Cameron Joseph contributed reporting.
On Tuesday, after weeks of agitation from President Trump and hard-right lawmakers, Senate GOP leadership signaled for the first time that it is amenable to inserting a repeal of the Affordable Care Act’s individual mandate into their tax overhaul bill.
“We’re optimistic that inserting the individual mandate repeal would be helpful, and that’s obviously the view of the Senate Finance Committee Republicans as well,” Senate Majority Leader Mitch McConnell (R-KY) told reporters, indicating that the policy could be inserted during the committee markup process as early as this week.
The office of Sen. John Thune (R-SD), a member of the Senate leadership team, confirmed to TPM that the final Senate tax bill would include the mandate’s repeal.
Yet rank-and-file lawmakers said a final decision has not yet been reached, and cited concerns that mixing health policy into an already controversial tax reform process would lose the votes Republicans need to pass the bill.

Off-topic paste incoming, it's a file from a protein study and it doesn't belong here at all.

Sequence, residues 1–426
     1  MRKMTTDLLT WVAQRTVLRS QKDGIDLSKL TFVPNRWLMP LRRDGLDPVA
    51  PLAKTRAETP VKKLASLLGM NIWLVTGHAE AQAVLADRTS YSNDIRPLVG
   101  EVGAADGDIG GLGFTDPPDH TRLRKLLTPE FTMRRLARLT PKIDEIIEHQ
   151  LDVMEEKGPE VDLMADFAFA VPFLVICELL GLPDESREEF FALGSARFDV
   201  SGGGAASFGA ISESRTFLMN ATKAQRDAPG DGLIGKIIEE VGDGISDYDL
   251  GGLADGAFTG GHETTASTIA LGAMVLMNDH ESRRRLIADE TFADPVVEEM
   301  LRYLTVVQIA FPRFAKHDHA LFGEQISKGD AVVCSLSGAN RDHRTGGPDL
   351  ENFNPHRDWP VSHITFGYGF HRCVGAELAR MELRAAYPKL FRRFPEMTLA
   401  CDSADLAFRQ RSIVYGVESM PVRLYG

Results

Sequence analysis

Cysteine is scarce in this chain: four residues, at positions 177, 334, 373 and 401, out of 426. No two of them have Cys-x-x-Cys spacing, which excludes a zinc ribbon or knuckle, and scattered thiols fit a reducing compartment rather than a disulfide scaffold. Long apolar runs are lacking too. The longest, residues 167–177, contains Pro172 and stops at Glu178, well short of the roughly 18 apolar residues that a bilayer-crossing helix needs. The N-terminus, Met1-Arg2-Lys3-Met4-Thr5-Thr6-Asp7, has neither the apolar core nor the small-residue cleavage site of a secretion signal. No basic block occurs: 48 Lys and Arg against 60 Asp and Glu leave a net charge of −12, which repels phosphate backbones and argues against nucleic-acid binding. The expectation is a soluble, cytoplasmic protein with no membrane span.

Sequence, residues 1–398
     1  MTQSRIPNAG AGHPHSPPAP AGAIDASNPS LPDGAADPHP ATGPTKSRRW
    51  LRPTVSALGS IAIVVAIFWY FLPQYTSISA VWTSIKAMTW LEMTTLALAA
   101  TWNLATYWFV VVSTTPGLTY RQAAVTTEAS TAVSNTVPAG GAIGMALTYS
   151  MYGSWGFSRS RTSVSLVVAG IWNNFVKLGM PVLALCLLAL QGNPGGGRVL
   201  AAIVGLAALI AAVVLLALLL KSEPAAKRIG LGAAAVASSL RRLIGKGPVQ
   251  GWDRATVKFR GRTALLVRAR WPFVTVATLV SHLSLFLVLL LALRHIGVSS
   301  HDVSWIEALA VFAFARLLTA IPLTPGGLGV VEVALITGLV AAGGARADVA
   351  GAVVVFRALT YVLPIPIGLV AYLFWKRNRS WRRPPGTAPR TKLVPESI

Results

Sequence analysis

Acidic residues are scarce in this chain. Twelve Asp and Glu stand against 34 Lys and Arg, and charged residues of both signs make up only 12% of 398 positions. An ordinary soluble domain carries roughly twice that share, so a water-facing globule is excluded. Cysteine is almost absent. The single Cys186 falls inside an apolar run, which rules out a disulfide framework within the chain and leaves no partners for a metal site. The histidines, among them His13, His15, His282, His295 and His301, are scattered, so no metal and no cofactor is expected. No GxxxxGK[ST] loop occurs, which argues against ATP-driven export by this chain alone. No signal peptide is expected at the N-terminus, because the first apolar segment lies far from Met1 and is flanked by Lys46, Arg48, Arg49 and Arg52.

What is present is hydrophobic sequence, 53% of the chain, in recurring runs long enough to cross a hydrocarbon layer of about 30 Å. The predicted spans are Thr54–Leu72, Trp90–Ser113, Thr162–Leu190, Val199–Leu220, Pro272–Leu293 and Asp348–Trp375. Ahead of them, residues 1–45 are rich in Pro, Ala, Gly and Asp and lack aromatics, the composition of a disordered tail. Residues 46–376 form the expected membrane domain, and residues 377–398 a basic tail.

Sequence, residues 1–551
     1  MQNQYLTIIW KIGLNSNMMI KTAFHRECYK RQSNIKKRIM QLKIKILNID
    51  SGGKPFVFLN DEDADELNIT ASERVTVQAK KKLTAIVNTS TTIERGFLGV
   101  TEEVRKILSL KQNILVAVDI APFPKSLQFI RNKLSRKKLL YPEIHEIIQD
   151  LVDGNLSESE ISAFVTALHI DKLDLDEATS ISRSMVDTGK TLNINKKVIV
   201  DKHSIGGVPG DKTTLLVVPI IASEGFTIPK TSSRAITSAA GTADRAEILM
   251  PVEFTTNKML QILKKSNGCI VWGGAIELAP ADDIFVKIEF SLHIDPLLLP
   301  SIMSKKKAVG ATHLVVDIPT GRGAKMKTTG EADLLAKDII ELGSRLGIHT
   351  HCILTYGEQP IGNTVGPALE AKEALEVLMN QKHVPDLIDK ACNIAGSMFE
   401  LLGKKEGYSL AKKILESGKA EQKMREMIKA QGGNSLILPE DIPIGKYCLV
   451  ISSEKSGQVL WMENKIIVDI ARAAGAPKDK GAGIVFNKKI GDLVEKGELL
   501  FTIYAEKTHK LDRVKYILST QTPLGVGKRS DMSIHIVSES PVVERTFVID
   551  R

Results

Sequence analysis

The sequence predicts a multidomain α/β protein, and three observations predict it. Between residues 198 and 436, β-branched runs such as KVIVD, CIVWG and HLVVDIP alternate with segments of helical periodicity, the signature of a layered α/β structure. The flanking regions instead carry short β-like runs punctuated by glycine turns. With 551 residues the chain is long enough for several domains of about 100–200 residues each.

Adding to the confusion, minutes after McConnell’s declaration, the Republican chair of the Senate Finance Committee marking up the tax bill refused to acknowledge the news.
“No one needs to be talking about the individual mandate at this point,” Sen. Orrin Hatch (R-UT) said in the hearing, adding that he thought discussion of the policy was a “distraction” and “a waste of time.”
In the hallways of the Senate on Tuesday, Republican lawmakers told TPM that the estimated $300 billion in savings the mandate’s repeal would generate has become too enticing a prospect to pass up—savings created because an estimated 13 million people would lose their health insurance and no longer get government subsidies.